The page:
I’m still trying to determine whether or not there will be more theatrical stops for The Last Lullaby. I should know more in another week or so.
This week was a big one for Louisiana’s movie industry. The state increased its production tax credit from 25 to 30 percent, once again making Louisiana one of the states with the most aggressive movie tax legislation. I made The Last Lullaby in Louisiana and am really hoping to make my next movie in the state as well, so this is very good news. I’m only about 50 pages into Reed Martin’s The Reel Truth, but I can already say that this is a new must-read for any young independent moviemaker (myself included). It’s a new book and definitely comes at things from a very honest, useful place. Highly, highly recommended.
For a while now, I’ve been saying that the movie industry, more than any other industry I’ve ever seen, has an enormous gap between interest and knowledge. What I mean by this is that almost everyone I meet has a great interest in the movie industry. However, almost no one I meet has any understanding of how the industry really works. In some ways, I hope that’s some of what this blog is doing, bridging that gap a little. One example of this gap is in the concept of the service deal. So, just what is a service deal? Who are the players? And why am I griping about it?
A service deal sits between a traditional distribution deal and self-releasing. In a traditional distribution deal, a distributor usually pays an upfront fee to acquire the rights to the movie. Then the distributor makes all the determinations about how to release it into the marketplace. In a traditional distribution deal, the moviemakers generally have little to no say about the release strategy. In self-releasing, the moviemaker retains 100 percent control over the release strategy. The downside: The moviemaker does it with little or no help and for no money upfront.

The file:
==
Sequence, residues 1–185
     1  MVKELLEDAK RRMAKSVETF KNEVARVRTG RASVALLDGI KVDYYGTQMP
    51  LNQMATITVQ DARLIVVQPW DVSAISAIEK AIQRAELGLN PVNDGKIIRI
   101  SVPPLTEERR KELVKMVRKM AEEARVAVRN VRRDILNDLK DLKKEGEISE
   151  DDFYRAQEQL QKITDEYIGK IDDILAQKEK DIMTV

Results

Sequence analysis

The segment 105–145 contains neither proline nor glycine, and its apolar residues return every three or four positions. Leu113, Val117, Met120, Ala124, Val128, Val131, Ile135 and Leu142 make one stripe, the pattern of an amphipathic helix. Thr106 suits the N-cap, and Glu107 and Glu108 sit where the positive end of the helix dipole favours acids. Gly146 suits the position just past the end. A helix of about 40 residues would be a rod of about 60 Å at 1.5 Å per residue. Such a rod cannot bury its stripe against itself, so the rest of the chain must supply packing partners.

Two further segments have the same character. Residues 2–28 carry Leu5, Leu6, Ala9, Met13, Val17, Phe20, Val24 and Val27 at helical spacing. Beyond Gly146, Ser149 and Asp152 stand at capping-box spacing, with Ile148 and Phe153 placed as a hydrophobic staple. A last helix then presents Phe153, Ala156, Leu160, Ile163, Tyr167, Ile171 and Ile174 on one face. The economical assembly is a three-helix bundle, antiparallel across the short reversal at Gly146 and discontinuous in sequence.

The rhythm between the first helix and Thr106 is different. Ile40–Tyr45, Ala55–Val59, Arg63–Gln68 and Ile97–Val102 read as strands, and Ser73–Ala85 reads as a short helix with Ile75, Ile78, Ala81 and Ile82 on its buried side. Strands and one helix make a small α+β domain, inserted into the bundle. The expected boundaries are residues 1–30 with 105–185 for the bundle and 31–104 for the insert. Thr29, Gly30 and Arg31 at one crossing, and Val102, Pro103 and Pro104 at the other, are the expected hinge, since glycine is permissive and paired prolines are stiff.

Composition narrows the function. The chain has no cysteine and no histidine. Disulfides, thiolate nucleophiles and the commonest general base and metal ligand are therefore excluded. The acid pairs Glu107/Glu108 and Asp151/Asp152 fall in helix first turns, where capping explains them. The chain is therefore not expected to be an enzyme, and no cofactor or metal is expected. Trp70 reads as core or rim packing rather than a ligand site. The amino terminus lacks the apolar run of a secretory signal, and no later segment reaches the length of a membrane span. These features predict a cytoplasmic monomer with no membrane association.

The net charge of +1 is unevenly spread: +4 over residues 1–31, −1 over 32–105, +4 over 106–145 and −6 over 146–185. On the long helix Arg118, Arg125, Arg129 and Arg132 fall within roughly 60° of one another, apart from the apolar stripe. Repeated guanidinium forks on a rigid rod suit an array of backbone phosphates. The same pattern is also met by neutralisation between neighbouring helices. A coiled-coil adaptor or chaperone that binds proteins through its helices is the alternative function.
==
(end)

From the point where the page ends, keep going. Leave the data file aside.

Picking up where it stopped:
Meanwhile, in a service deal, the moviemaker PAYS a company to distribute them (some of the better known service companies are Roadside Attractions, Truly Indie and Freestyle). In turn, the moviemaker maintains a great level of control over the release strategy.
My gripe, though, is this: Although I know service companies can be somewhat selective, I think it’s misleading when a press release announces that a movie has received distribution when really it’s nothing more than a service deal. The public reads this and thinks a distributor just bought another movie. But, in earnest, that’s not really what happened.
More than ever, I think it’s important as moviemakers to educate ourselves about the entire process. And, as I’ve said before, the next time a moviemaker tells you they received distribution, I think it’s really important to immediately say, “Congratulations! That’s fantastic. If you don’t mind, how much did the distributor give you?” Otherwise, we’re all just perpetuating a myth and allowing the gap between interest and knowledge to remain.
After living in Los Angeles for seven years, Jeffrey Goodman returned to his hometown of Shreveport, Louisiana to direct The Last Lullaby. Co-written by the creator of Road to Perdition, and starring Tom Sizemore and Sasha Alexander, The Last Lullaby was filmed entirely in and around Shreveport and financed by 48 local investors.